Server Fault is a question and answer site for system and network administrators. It's 100% free, no registration required.

Sign up
Here's how it works:
  1. Anybody can ask a question
  2. Anybody can answer
  3. The best answers are voted up and rise to the top

Yesterday on of my users reported that when he logged in he got an error stating "Windows cannot load the locally stored profile." He was able to log in to a blank profile, which we then configured for him to use. Today the exact same thing happened again.

How to I permanently fix this problem? This is a local profile on Windows XP. Our domain controller is Windows Server 2003.

share|improve this question
I'd like to know too, it's happened to me with the same scenario, Server 2003 and an XP machine. – Hondalex Jun 10 '09 at 13:23

Does anything show up in the Windows Event log for when the user logged out yesterday (after you restored his profile), or today (when he got the new profile)?

Does the machine have UPHClean.exe installed? UPHClean will help processes unhook from the registry on logoff, and add useful entries to the event log. These entries may help you troubleshoot what is causing the profile corruption.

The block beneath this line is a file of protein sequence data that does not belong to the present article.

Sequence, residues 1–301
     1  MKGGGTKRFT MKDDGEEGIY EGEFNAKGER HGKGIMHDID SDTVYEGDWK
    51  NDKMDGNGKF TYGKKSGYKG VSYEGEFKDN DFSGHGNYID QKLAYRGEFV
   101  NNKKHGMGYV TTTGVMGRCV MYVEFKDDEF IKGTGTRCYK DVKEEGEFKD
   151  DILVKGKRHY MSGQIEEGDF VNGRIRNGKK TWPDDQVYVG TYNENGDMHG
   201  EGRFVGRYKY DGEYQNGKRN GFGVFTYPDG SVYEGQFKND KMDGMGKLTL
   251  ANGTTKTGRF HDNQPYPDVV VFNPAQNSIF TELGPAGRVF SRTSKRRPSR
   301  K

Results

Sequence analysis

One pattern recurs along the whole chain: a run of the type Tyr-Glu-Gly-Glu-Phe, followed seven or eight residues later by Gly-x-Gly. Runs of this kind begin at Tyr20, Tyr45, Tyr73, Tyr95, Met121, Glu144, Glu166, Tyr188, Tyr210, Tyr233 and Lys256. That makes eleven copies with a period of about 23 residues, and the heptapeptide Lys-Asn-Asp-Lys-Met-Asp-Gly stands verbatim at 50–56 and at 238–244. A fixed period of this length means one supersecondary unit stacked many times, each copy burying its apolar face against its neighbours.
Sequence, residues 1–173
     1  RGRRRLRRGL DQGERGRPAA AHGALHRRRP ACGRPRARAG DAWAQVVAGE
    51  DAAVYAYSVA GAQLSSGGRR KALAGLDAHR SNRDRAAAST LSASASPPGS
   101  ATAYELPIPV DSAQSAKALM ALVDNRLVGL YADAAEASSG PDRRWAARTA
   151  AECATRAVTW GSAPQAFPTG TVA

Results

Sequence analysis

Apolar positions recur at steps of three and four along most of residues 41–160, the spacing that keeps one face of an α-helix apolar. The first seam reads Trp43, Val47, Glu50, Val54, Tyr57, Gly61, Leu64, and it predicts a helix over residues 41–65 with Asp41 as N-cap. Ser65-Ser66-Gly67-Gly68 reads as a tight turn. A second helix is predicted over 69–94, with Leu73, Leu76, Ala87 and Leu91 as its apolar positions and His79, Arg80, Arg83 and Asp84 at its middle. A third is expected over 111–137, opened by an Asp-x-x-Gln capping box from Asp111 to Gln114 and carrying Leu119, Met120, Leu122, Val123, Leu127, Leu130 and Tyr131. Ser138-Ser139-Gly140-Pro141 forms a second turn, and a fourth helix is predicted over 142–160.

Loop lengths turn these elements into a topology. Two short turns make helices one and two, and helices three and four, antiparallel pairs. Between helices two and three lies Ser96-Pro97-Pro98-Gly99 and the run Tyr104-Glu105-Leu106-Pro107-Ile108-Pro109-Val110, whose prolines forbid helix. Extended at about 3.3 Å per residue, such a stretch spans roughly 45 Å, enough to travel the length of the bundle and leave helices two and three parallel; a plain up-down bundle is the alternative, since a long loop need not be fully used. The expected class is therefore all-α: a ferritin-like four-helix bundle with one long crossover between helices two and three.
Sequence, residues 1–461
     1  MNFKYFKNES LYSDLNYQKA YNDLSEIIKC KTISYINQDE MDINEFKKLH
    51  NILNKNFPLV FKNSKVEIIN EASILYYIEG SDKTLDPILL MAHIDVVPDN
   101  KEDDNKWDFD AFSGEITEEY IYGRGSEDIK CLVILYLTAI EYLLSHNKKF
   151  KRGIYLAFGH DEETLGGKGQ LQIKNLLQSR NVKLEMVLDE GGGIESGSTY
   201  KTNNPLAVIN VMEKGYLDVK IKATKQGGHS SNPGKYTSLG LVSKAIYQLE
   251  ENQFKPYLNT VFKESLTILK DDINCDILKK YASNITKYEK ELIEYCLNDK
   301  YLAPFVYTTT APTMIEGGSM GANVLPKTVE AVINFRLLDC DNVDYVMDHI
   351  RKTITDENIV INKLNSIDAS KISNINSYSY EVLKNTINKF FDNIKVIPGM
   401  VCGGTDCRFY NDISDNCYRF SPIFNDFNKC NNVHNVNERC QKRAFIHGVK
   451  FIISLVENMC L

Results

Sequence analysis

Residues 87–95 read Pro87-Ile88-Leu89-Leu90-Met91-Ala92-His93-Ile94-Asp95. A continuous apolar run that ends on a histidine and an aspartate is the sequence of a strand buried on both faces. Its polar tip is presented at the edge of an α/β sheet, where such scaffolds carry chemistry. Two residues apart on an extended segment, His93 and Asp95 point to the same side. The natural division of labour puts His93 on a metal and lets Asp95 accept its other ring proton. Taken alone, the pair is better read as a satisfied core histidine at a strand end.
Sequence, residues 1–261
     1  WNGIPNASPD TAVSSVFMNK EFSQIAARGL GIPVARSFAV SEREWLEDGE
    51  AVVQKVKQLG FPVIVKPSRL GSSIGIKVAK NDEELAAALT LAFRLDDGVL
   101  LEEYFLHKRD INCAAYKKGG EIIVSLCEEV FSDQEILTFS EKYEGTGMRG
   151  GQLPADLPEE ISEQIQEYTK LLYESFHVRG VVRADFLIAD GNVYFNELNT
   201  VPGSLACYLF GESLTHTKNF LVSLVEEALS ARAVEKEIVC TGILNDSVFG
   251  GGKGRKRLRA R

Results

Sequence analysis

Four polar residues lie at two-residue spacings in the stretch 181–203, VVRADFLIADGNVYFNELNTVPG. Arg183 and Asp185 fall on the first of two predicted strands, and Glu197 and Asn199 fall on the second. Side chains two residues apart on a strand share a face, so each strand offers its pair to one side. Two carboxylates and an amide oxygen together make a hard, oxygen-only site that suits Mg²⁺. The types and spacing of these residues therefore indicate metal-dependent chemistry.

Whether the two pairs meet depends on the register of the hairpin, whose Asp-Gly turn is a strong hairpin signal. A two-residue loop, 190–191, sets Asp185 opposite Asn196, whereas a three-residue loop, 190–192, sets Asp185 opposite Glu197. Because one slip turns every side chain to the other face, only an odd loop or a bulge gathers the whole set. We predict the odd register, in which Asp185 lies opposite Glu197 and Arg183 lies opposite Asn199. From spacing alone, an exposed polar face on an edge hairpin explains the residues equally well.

You should also try running chkdsk, it's possible data corruption is caused by a problem with the hard drive.

share|improve this answer
I'll second this. Does this issue occur after a full reboot, or a logout then login process? – Jeff Hengesbach Jun 10 '09 at 13:38
Me too. Either a registry issue, hard drive failure, or a hard drive failure where the registry is... Any way you look at it, it's not good... – JFV Jun 10 '09 at 16:57

MS has this to say about it. I'm afraid there is no permanent fix.

share|improve this answer

There are two methods to deal with this. The first is go into the user profile and delete the file ntuser.dat This will cause it to be rebuilt but has a relativly low chance of success. Only occasionally have I been able to recover with this method.

The other is to copy out their files (desktop/favorites/mydocuments and then delete their profile entirely. Windows will create a new profile for them then you can copy the users files back in.

share|improve this answer

Your Answer


By posting your answer, you agree to the privacy policy and terms of service.